Nuclear Warfare Might Begin The Nice El Niño And Lower The Seafood Depend – Watts Up With That?
Unprecedented warming in the equatorial Pacific could take up to seven years
PICTURE: A “NUCLEAR NIÑO” in the equatorial Pacific Ocean is shown in simulated temperature changes (CELSIUS) just four months after a major nuclear war between the United States and Russia. Show more CREDIT: JOSHUA COUPE
Nuclear war could spark unprecedented El Niño-like warming in the equatorial Pacific, lowering algae populations by 40 percent and likely reducing fishing catches, according to a study conducted by Rutgers.
The study, published in the journal Communications Earth & Environment, shows that turning to the oceans for food is unlikely to be a successful strategy if land-based agriculture fails after nuclear war – at least in the equatorial Pacific.
“In our computer simulations, we see a 40 percent reduction in phytoplankton (algae) biomass in the equatorial Pacific, which would likely have downstream effects on larger marine organisms that humans eat,” said senior author Joshua Coupe, a post-graduate research fellow in the Department of Environmental Sciences at the School of Environmental and Biological Sciences at Rutgers University-New Brunswick. “Previous research has shown that the global cooling after a nuclear war can lead to crop failures on land. Our study shows that we probably cannot rely on seafood to feed people, at least in this part of the world.”
Scientists studied climate change in six nuclear war scenarios with a focus on the equatorial Pacific. The scenarios include one major conflict between the United States and Russia and five minor wars between India and Pakistan. Such wars could ignite enormous fires, injecting millions of tons of soot (black carbon) into the upper atmosphere, blocking sunlight and disrupting the Earth’s climate.
Using an Earth system model to simulate the six scenarios, the scientists showed that a large-scale nuclear war can trigger an unprecedented El Niño-like event that lasts up to seven years. The El Niño-South Oscillation is the largest naturally occurring phenomenon that affects the circulation of the Pacific Ocean, alternating between warm El Niño events and cold La Niña events, and having a major impact on the productivity and fisheries of the seas.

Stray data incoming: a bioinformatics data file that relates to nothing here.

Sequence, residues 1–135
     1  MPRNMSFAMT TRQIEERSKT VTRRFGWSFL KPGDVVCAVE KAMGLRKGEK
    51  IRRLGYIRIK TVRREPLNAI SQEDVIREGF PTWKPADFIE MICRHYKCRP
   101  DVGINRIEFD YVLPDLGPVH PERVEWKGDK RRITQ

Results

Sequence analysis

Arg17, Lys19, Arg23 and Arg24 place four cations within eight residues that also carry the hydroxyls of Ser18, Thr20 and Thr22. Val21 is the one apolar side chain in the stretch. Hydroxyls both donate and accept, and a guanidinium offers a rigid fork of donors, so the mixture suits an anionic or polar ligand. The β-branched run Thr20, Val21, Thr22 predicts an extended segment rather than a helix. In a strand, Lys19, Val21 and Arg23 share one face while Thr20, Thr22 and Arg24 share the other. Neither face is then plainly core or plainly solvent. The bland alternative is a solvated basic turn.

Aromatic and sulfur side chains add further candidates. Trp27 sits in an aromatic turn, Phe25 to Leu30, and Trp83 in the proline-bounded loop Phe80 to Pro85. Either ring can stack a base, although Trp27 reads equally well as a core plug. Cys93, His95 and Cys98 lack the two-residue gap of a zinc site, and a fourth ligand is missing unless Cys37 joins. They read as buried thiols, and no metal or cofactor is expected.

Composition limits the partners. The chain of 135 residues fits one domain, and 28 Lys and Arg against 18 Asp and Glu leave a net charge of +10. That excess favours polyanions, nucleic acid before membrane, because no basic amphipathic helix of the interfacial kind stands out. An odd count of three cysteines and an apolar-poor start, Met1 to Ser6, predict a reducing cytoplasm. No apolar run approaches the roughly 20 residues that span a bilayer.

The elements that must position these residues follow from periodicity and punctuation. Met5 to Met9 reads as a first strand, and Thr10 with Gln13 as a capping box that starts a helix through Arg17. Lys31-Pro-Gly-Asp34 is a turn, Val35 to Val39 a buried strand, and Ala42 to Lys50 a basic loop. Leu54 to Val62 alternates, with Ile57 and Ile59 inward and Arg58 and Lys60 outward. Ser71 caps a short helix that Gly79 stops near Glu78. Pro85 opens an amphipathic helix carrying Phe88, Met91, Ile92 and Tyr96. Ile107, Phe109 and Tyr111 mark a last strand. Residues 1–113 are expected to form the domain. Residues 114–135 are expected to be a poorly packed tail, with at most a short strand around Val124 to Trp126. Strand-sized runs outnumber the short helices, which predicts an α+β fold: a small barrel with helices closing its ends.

During a “nuclear nino”, scientists found that rainfall over the sea continent (the area between the Indian and Pacific Oceans and the surrounding seas) and equatorial Africa would be cut off, largely due to a cooler climate.
More importantly, a nuclear niño would stop deeper, colder waters along the Pacific equator from swelling and reduce the upward movement of the nutrients that phytoplankton – the basis of the marine food web – need to survive. In addition, the diminished sunlight after a nuclear war would drastically reduce photosynthesis and pollute and possibly kill many phytoplanktons.
“Going out to sea to eat after a nuclear war that dramatically reduces plant production on land seems like a good idea,” said co-author Alan Robock, a distinguished professor in the Rutgers-New Brunswick Department of Environmental Sciences. “But that would not be a reliable source of the protein we need, and we have to prevent nuclear conflict if we are to protect our food and the planet’s environment.”
Scientist at the University of California at Santa Barbara; University of Colorado, Boulder; Australian Antarctic Partnership Program; University of Texas, Rio Grande Valley; and the National Center for Atmospheric Research contributed to the study.